National Park Service
Heritage Preservation Services   —   Historic Preservation Planning Program

Introduction »

Typical Planning
Process »

General Planning
Guidance »

Local Plan
Examples »

What You Can Do »

Sources of
Information »

Companion »

Return to...

    Planning Home »

    Services »

NPS Cultural
    Resources »

Historic Preservation Planning for Local Communities

A Typical Planning Process

Step 6. How Will We Achieve Our Vision? Developing Goals and Objectives

The purpose of developing goals and objectives is to outline a course of action that will help us achieve our vision of the preservation future. Goals and objectives do this by identifying ways to resolve issues, minimize threats, and take advantage of opportunities identified during the planning process.

Goals and objectives should be broad-reaching enough to aim for our vision for the future, yet detailed enough to guide our decision-making on a regular basis.


A goal is a general statement of desired future condition – it is an end toward which actions are aimed.

A goal is usually not achieved in the immediate future. There are typically two kinds of goals……

  1. Those that are never fully and completely achieved, and action taken to achieve the goal is ongoing.
    • Example: Increase the level of public knowledge about cultural resources.

  2. Goals that describe a future condition that can be fully achievable, but in the far-distant future.
    • Example: Incorporate historic preservation as an element in local, regional, state agency, and federal land management plans.

Crafting Goals

Writing goal statements needs careful attention so they communicate clearly what you intend, and so they truly help guide our actions toward achieving our vision – our desired preservation future. Clearly stated goals also help us measure our progress toward that future.

  • Single Message. Goal statements should be concise and contain a single outcome.
  • Level of Detail. The amount of detail contained in a goal statement needs to be carefully balanced with the planning cycle of the plan, so that goals can, for the most part, be achieved by the end of the planning cycle.
  • Use Action Verbs. Goal statements typically begin with a verb that represents some sort of action that can be taken in a particular direction. Examples include increase, decrease, improve, strengthen, conduct, reduce, develop, celebrate, designate, and other similar forward-looking, action-oriented verbs.
  • Verbs to Avoid. Some verbs create ambiguity and should be avoided, such as:
    • Cheerleading verbs, such as encourage, promote, and foster. Cheerleading in preservation is always good, and cheerleading verbs can be appropriate in goal or objective statements that deal with public relations, publicity, and celebration kinds of activities. But when these verbs are used in place of a more relevant action verb, the intended outcome is unclear.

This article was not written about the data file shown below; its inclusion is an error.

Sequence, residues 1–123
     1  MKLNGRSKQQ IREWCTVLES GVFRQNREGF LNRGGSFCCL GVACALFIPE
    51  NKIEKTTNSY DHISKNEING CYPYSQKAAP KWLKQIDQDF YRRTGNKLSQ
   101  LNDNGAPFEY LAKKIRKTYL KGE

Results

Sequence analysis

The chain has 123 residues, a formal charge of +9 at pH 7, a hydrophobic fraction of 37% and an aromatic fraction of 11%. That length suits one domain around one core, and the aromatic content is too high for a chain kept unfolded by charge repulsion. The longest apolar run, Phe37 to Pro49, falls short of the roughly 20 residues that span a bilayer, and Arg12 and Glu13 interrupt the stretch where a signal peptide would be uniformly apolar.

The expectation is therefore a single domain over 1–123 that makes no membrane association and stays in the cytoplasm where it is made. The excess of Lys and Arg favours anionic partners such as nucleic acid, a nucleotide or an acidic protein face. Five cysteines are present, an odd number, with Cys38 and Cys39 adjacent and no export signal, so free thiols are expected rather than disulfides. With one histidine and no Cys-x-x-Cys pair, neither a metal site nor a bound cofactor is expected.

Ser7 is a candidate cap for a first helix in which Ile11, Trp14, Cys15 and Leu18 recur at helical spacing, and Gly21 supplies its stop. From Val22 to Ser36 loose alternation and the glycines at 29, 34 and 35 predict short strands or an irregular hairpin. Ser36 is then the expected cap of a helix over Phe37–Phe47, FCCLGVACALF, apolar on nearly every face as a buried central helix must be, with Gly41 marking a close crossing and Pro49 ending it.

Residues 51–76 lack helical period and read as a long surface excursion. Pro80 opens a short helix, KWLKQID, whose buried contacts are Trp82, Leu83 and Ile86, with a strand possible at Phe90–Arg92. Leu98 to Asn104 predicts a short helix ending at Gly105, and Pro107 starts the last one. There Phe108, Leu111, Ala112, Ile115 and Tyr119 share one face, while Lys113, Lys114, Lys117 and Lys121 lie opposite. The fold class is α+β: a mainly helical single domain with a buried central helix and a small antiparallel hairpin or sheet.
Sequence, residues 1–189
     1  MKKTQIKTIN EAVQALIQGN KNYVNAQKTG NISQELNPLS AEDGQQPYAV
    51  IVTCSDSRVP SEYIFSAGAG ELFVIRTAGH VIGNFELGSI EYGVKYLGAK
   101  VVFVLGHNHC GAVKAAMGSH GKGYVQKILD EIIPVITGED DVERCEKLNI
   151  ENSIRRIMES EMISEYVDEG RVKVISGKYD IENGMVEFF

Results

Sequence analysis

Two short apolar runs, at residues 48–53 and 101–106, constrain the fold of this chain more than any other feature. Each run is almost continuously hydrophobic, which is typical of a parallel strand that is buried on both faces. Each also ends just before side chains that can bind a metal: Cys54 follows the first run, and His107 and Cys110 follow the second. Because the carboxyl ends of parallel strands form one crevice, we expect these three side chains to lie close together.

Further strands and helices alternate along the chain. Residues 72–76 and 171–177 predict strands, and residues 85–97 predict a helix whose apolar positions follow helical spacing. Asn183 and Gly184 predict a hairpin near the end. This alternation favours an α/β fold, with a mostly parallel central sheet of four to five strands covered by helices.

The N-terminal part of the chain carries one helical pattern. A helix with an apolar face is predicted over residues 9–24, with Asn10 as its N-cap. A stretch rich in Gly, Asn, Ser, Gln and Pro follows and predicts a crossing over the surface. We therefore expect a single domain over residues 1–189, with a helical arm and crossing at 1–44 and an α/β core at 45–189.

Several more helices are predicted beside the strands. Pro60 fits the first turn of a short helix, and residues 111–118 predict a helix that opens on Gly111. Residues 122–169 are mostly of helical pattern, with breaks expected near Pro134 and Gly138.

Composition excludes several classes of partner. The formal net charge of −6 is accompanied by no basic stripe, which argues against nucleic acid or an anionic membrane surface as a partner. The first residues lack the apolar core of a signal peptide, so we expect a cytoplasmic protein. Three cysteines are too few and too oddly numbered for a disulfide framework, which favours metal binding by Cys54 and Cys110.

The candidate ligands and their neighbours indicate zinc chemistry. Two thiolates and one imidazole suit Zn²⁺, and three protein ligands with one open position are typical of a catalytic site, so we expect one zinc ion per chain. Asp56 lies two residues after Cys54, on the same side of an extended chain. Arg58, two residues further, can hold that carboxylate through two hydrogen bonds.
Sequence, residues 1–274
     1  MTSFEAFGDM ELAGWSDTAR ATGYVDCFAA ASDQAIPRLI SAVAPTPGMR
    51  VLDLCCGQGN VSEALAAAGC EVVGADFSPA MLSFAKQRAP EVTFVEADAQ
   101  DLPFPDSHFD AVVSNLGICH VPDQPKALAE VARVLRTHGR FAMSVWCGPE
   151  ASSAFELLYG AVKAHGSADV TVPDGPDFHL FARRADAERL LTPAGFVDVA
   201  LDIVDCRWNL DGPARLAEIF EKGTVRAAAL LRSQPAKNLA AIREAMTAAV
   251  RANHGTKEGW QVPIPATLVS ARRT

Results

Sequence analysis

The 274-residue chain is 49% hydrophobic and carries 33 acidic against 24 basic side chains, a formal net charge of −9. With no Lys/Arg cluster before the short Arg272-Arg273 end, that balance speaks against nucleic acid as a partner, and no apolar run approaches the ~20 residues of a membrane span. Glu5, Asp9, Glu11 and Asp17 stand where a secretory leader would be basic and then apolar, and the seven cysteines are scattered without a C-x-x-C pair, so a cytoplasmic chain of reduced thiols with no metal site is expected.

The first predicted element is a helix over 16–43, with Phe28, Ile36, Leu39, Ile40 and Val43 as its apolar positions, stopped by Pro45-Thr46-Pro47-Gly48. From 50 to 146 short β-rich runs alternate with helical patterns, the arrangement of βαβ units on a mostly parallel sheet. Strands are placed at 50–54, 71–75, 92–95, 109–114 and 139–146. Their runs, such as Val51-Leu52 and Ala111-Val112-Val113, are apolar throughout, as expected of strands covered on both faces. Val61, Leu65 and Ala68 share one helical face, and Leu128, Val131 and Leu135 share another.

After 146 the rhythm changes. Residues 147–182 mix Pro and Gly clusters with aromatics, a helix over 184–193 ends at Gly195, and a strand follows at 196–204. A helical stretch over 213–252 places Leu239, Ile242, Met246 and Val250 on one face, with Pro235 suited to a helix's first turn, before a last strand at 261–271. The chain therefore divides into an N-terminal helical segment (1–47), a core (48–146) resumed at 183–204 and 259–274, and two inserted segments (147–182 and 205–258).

• Help and Support Verbs, such as assist, ensure, help, provide, support, and similar kinds of verbs imply a single actor doing the helping. These verbs are more appropriate in a management plan for an organization, rather than a jurisdiction-wide preservation plan.
    • Maintain the Status Quo, as in goal statements that begin with Continue to do, or Maintain, are basically saying, “keep doing what we’ve been doing, we don’t need to change anything.” Because one of the purposes of a plan is to direct change, a goal to maintain the status quo doesn’t do much to move us toward our desired future.

Verbs to Avoid

Partner with
Work to [do...]
Work with


An objective is a statement of measurable activity to be accomplished to achieve a goal.

An objective describes a specific outcome that is reasonably attainable and necessary to achieve a goal.

Objectives should be more detailed than goals, but they are not the equivalent of detailed, quantifiable, measurable, time-sensitive tasks typically found in an annual work plan.

Typically, there are several objectives for each goal.

Both short-term and long-term objectives can be established, such as objectives to be accomplished in 2-3 years, and in 3-5 years.

Crafting Objectives

Objectives, like goals, are phrased using verbs that denote action and direction.

As with goal statements, the phrasing of objective statements requires careful attention so that they say exactly what you intend them to say. The guidance presented above for goals is also applicable to crafting objective statements.


Additional guidance can be found in the Sources of Additional Information and the PLANNING COMPANION — just click on the menu links to the left. Also see Goal Setting from our Rivers, Trails and Conservation Assistance Program's Community Toolbox.

Go to Step 7 »


National Park Service U.S. Department of the Interior FOIA Privacy Disclaimer FirstGov